Roller-compacted concrete (RCC) pavements present three primary challenges relative to conventional concrete pavement: mixture design, structural design details, and construction process and verification. An investigation was initiated to reconcile the discrepancy between the field and laboratory properties of RCC pavements because of differences in laboratory mixture design procedures and field construction processes. Four RCC pavement projects in Illinois were selected for field coring along with sampling of RCC constituent materials for replication of the laboratory mixture design. Density measurements of field cores indicated that density decreased with depth into the pavement structure and the relative density at paving-lane joints could be as low as 80%. Statistical differences in compressive strength and fracture properties between field and laboratory samples were observed and result from differences in density. A 4% difference in density between field and laboratory samples resulted in an approximate 45% difference in compressive strength. The reduction in field RCC strength and fracture properties relative to the values obtained in the laboratory will result in decreased slab flexural capacity and field performance. Application of the gyratory compactor demonstrated that it can be used repeatedly to compact most RCC mixtures to similar target densities as the modified Proctor method and field-extracted cores. The gap between field and laboratory properties of RCC can be reduced by application of high-density pavers; improvement in mixture design procedure with the gyratory compaction method; a foundation layer beneath the RCC that is stiffer, thicker, or both; reduced RCC lift thicknesses to achieve specified density; or all of these.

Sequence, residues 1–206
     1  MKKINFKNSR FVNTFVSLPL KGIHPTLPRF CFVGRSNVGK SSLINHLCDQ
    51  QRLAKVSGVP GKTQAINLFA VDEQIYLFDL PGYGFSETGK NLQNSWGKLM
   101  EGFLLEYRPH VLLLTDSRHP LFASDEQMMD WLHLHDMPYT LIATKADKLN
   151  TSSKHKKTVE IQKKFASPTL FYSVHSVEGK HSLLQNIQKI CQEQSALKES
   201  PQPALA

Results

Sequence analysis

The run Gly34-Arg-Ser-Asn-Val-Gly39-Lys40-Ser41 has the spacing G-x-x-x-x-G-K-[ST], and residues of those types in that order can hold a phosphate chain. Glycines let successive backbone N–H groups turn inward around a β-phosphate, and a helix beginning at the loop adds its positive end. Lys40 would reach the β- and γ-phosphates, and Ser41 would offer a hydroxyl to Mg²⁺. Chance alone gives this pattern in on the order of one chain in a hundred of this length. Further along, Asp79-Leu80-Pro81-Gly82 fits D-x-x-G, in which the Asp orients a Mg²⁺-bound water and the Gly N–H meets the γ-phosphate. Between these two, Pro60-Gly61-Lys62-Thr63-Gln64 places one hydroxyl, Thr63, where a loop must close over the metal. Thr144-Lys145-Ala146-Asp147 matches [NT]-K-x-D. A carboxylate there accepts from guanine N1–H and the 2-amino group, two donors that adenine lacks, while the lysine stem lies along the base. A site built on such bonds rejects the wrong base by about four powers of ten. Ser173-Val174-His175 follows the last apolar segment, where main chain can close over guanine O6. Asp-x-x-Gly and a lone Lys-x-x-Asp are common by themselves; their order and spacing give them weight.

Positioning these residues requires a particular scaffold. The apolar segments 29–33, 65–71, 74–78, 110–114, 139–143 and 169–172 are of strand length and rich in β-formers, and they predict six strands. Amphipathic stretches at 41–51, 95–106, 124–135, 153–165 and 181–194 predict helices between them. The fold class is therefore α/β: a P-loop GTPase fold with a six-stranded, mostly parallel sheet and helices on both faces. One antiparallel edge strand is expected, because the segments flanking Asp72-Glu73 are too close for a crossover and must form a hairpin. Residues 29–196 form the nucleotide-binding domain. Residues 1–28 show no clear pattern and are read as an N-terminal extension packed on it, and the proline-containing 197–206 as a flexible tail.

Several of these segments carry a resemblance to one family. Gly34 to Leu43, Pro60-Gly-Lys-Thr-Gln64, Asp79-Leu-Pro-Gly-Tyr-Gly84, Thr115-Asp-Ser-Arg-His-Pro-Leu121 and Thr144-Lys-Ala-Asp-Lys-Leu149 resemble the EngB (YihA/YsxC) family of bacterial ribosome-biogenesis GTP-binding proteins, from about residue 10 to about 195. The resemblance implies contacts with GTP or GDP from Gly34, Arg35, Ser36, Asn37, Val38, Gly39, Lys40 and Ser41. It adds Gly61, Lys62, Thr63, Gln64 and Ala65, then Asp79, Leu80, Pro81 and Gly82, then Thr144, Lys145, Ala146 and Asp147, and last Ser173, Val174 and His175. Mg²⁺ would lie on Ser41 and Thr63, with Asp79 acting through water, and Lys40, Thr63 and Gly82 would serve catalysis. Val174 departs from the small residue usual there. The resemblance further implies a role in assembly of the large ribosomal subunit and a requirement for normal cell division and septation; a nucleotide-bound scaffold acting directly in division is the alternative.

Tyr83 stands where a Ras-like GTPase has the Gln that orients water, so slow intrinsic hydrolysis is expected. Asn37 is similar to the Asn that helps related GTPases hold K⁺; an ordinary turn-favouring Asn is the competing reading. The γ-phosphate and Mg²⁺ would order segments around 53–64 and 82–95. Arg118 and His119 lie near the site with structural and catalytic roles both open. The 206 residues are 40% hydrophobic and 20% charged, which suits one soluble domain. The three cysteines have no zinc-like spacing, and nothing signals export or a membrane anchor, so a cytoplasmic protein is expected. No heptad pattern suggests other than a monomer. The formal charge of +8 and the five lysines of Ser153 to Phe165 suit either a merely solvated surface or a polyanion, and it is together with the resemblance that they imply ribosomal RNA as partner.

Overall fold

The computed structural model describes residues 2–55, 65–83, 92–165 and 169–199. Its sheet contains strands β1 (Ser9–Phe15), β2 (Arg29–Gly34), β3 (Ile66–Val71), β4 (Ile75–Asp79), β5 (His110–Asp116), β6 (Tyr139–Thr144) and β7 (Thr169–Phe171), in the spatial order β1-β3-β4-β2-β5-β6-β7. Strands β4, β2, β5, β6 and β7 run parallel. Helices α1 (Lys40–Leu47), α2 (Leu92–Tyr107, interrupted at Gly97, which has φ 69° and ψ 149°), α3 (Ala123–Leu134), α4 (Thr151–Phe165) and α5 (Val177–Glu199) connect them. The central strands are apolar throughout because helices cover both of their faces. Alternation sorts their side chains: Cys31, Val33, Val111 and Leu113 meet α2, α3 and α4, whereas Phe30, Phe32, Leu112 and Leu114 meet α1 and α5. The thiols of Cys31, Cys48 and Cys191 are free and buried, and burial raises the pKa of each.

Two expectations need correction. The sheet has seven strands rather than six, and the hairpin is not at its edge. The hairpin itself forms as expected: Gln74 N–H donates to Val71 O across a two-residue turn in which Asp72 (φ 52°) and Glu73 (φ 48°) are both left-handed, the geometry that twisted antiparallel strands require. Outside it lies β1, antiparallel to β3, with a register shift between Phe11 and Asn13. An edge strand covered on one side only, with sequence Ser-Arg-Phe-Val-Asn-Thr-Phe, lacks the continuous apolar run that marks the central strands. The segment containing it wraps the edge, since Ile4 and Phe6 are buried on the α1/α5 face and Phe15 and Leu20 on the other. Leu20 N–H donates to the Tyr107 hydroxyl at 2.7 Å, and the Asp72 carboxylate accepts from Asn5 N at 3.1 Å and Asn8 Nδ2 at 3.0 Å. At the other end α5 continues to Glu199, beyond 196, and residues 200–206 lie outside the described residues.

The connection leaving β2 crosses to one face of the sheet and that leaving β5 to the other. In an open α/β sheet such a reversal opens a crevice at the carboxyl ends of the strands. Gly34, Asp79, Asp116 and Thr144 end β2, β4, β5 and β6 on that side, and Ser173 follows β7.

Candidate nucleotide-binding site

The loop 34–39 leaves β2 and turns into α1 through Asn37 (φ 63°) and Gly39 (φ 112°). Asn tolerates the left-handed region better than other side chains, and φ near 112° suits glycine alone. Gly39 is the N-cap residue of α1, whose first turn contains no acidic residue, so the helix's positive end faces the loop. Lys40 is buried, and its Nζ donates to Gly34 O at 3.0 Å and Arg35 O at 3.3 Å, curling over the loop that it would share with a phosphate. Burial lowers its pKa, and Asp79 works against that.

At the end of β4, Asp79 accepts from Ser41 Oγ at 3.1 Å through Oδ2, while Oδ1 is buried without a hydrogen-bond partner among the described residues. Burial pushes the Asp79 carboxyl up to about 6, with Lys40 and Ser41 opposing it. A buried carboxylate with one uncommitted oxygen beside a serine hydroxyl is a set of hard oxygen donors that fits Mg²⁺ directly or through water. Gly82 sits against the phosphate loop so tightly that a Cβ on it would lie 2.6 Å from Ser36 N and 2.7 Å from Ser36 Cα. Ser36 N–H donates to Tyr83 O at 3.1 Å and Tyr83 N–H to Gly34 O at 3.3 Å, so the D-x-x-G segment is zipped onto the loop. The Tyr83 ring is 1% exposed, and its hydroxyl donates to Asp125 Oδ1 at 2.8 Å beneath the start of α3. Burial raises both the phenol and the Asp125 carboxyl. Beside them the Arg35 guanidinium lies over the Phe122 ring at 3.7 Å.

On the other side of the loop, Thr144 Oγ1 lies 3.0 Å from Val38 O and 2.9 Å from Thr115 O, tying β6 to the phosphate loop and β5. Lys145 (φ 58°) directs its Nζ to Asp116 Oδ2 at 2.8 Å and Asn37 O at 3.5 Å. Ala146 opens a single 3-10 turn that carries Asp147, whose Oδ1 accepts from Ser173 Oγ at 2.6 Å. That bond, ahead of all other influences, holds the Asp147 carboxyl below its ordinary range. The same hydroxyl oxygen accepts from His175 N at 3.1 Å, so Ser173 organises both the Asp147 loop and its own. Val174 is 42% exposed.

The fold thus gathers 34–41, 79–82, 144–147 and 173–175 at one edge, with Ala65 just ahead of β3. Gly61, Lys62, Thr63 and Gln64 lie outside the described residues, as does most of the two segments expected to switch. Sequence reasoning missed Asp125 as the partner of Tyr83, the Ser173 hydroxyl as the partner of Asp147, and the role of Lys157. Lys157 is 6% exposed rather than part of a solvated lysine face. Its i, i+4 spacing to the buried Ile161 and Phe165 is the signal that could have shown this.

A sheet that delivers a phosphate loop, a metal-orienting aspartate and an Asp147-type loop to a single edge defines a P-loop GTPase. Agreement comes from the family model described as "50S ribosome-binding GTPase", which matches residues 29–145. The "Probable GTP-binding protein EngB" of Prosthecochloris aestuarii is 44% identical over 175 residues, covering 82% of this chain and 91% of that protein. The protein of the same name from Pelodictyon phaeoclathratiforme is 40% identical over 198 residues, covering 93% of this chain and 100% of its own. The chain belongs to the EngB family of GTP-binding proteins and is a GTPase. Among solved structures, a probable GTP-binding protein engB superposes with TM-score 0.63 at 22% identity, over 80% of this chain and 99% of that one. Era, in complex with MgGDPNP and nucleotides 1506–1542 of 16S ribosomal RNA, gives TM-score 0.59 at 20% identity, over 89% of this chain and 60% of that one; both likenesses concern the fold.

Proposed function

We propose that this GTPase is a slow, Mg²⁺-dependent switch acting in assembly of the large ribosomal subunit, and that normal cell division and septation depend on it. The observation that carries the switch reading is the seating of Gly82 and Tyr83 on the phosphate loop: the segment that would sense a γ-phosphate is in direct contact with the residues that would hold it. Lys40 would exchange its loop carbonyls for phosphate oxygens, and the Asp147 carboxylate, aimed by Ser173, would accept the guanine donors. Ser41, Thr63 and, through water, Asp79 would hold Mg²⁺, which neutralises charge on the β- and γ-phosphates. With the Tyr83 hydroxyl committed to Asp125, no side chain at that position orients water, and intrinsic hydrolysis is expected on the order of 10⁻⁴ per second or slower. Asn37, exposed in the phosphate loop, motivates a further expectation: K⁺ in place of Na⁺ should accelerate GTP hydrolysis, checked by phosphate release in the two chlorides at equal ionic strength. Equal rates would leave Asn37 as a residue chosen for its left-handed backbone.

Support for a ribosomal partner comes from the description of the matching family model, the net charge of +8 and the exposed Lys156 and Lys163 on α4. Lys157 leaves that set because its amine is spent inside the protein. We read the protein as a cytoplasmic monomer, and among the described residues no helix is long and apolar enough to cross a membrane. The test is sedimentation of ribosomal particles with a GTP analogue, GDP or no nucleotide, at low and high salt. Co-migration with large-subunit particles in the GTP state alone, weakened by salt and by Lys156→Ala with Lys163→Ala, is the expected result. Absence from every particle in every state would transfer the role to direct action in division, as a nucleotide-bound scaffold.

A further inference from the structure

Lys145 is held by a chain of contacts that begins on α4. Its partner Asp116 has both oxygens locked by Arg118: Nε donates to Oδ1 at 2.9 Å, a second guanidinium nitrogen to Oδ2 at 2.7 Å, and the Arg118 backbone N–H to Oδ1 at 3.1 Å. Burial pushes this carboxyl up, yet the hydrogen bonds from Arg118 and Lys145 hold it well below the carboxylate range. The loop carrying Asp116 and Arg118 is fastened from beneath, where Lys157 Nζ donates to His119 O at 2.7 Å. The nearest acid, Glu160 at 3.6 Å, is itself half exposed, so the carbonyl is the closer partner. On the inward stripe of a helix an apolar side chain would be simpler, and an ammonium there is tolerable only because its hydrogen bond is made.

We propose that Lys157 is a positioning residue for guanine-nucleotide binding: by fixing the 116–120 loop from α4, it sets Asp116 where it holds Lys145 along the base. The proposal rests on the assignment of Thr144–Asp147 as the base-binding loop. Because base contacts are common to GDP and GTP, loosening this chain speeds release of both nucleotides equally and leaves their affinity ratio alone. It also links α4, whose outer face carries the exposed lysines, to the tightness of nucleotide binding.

ASJC Scopus subject areas
- Civil and Structural Engineering
- Mechanical Engineering